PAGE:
Lyndon B. Johnson photo

Proclamation 3787—White Cane Safety Day, 1967

May 29, 1967

By the President of the United States of America

A Proclamation

Independence—so important to every American—has a special significance to the blind. Although imprisoned in a world of unceasing darkness, the blind must still be able to enjoy freedom of movement.

The White Cane has become the emblem of the blind American's determination to live the most independent, constructive life possible. Since the foundation of the National Federation for the Blind in 1940, the White Cane has symbolized the aspirations and abilities of the blind. Available to every blind American, it is his passport to self-sufficiency.

But the blind can enjoy their freedom with confidence only if their fellow citizens learn to treat them with consideration and respect. Today, all 50 states have White Cane Laws, emphasizing that for the White Canes to spell independence to the blind they must also spell caution to the rest of us.

We must learn to recognize this symbol from afar, and to understand how much another person's freedom and life depend on our acknowledging his right-of-way above our own.

To make our citizens more fully aware of the significance of the White Cane, and of the need for motorists to exercise caution and courtesy when approaching its bearer, the Congress, by a joint resolution, approved October 6, 1964 (78 Stat. 1003), has authorized the President to issue annually a proclamation designating October 15 as White Cane Safety Day.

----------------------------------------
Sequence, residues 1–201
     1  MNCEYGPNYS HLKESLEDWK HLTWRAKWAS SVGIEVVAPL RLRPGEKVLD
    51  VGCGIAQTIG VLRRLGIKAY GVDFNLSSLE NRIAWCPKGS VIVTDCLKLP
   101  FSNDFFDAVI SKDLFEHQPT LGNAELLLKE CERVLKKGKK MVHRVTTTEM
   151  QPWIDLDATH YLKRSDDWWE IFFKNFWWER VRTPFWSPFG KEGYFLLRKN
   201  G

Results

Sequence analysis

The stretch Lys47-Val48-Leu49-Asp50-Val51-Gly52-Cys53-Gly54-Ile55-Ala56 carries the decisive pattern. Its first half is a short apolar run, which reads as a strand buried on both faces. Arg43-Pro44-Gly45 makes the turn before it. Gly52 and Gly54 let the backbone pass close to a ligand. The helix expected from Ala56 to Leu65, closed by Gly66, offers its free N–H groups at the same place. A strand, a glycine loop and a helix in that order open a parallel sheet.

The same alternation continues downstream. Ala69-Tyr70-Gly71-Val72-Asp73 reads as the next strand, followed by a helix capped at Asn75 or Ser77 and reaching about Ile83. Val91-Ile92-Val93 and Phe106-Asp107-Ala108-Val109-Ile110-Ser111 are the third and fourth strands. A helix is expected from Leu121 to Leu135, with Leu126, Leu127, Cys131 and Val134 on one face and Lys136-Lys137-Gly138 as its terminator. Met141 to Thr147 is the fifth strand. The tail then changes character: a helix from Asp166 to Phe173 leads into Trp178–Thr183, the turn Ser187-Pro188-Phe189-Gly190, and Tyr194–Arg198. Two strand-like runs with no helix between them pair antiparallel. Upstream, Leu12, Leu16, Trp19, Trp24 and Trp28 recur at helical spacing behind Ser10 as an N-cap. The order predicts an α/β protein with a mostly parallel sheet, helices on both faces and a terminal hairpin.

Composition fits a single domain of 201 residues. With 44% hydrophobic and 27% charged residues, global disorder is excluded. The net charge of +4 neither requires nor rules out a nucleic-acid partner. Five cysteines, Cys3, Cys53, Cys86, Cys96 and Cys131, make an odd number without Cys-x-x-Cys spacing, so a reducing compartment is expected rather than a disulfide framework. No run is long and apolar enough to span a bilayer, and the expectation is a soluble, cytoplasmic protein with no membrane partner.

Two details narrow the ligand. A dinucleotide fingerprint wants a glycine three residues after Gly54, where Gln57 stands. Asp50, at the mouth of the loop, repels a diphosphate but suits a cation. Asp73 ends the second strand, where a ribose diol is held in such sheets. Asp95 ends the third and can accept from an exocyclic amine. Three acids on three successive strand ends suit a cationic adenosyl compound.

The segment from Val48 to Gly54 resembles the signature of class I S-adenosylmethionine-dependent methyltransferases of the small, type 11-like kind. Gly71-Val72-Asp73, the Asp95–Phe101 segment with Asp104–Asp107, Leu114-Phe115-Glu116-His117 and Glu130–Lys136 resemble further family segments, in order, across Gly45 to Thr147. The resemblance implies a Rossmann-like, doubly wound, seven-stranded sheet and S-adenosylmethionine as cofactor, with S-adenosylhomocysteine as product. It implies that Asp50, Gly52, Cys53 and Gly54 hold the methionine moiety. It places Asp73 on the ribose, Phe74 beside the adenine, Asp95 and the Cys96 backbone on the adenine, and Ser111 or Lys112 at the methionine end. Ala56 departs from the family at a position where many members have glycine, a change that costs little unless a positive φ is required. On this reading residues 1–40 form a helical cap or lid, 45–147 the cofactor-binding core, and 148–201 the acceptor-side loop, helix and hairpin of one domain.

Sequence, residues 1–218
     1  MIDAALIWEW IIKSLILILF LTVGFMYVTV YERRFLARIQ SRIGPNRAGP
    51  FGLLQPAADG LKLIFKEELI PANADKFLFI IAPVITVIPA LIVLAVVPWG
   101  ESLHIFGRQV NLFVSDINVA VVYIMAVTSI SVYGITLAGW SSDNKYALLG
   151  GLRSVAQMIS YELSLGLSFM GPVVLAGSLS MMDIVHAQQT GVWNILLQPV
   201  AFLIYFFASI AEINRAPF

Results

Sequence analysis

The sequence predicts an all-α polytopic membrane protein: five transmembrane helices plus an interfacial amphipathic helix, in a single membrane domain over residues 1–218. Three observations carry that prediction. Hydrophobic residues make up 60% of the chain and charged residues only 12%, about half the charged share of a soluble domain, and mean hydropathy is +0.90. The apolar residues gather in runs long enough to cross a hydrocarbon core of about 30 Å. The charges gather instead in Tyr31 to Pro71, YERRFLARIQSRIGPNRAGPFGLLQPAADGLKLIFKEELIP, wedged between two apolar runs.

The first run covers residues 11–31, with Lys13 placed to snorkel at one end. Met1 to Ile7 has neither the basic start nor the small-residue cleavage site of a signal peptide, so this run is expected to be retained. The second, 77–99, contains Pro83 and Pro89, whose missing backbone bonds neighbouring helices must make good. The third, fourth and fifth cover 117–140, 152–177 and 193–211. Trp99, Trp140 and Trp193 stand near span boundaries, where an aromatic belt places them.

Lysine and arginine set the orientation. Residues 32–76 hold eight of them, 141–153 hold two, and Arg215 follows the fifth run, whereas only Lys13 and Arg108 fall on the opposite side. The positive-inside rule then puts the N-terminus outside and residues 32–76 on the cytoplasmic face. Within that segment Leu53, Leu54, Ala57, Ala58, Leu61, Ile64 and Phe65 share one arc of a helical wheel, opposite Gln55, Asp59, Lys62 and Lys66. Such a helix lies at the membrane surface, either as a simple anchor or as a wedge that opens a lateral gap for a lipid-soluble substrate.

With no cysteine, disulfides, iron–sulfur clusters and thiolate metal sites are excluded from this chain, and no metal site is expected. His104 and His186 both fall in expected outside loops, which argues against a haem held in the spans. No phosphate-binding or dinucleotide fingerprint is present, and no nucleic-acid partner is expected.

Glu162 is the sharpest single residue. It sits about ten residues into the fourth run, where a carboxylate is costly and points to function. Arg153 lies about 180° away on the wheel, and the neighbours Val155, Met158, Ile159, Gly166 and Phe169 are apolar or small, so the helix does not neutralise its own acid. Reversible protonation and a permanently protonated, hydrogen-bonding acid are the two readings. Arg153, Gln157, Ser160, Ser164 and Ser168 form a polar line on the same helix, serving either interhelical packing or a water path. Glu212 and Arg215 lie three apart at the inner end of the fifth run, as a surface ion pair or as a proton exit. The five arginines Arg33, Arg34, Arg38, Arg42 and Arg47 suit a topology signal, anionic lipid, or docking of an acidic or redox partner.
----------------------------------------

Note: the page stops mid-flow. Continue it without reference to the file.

Now, Therefore, I, Lyndon B. Johnson, President of the United States of America, do hereby proclaim October 15, 1967, as White Cane Safety Day.

I call upon all our citizens, our civic and service organizations, schools, public bodies and the media of public information in every community to join in observing White Cane Safety Day, so that blind persons in our society may increasingly enjoy the greatest possible measure of personal independence.

In Witness Whereof, I have hereunto set my hand and caused the Seal of the United States of America to be affixed.

DONE at the City of Washington this twenty-ninth day of May in the year of our Lord nineteen hundred and sixty-seven, and of the Independence of the United States of America the one hundred and ninety-first.

Signature of Lyndon B. Johnson


By the President:


Secretary of State

Lyndon B. Johnson, Proclamation 3787—White Cane Safety Day, 1967 Online by Gerhard Peters and John T. Woolley, The American Presidency Project

Simple Search of Our Archives